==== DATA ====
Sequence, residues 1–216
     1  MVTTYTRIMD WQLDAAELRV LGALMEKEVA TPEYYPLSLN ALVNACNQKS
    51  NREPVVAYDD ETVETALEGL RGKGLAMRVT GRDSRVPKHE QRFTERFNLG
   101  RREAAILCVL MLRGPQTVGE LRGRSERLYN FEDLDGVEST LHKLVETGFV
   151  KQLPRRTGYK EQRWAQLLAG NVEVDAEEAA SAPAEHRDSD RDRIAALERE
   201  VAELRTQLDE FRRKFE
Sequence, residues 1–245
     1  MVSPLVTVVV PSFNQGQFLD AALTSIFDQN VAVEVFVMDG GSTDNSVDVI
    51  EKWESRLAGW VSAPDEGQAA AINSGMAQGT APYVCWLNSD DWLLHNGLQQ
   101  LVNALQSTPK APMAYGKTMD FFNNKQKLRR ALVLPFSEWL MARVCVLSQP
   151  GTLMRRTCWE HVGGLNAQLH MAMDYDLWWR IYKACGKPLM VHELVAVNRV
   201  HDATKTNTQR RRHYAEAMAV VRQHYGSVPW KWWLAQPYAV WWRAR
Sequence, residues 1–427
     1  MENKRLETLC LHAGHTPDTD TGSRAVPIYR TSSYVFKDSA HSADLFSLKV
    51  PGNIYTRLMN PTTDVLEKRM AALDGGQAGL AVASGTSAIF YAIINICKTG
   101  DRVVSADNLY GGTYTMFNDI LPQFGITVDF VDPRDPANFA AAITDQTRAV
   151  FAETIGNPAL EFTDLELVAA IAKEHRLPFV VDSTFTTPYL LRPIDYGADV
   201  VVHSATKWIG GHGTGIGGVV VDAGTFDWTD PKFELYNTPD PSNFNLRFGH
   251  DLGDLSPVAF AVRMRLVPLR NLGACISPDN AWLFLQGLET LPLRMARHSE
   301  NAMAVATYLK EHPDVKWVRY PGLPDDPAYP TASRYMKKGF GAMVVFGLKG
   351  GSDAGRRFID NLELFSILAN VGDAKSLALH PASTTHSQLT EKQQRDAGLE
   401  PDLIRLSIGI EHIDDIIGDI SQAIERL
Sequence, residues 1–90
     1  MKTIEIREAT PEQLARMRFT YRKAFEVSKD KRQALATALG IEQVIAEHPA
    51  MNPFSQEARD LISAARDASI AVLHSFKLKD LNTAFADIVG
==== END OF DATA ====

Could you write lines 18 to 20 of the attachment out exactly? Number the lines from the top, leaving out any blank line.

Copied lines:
   201  VVHSATKWIG GHGTGIGGVV VDAGTFDWTD PKFELYNTPD PSNFNLRFGH
   251  DLGDLSPVAF AVRMRLVPLR NLGACISPDN AWLFLQGLET LPLRMARHSE
   301  NAMAVATYLK EHPDVKWVRY PGLPDDPAYP TASRYMKKGF GAMVVFGLKG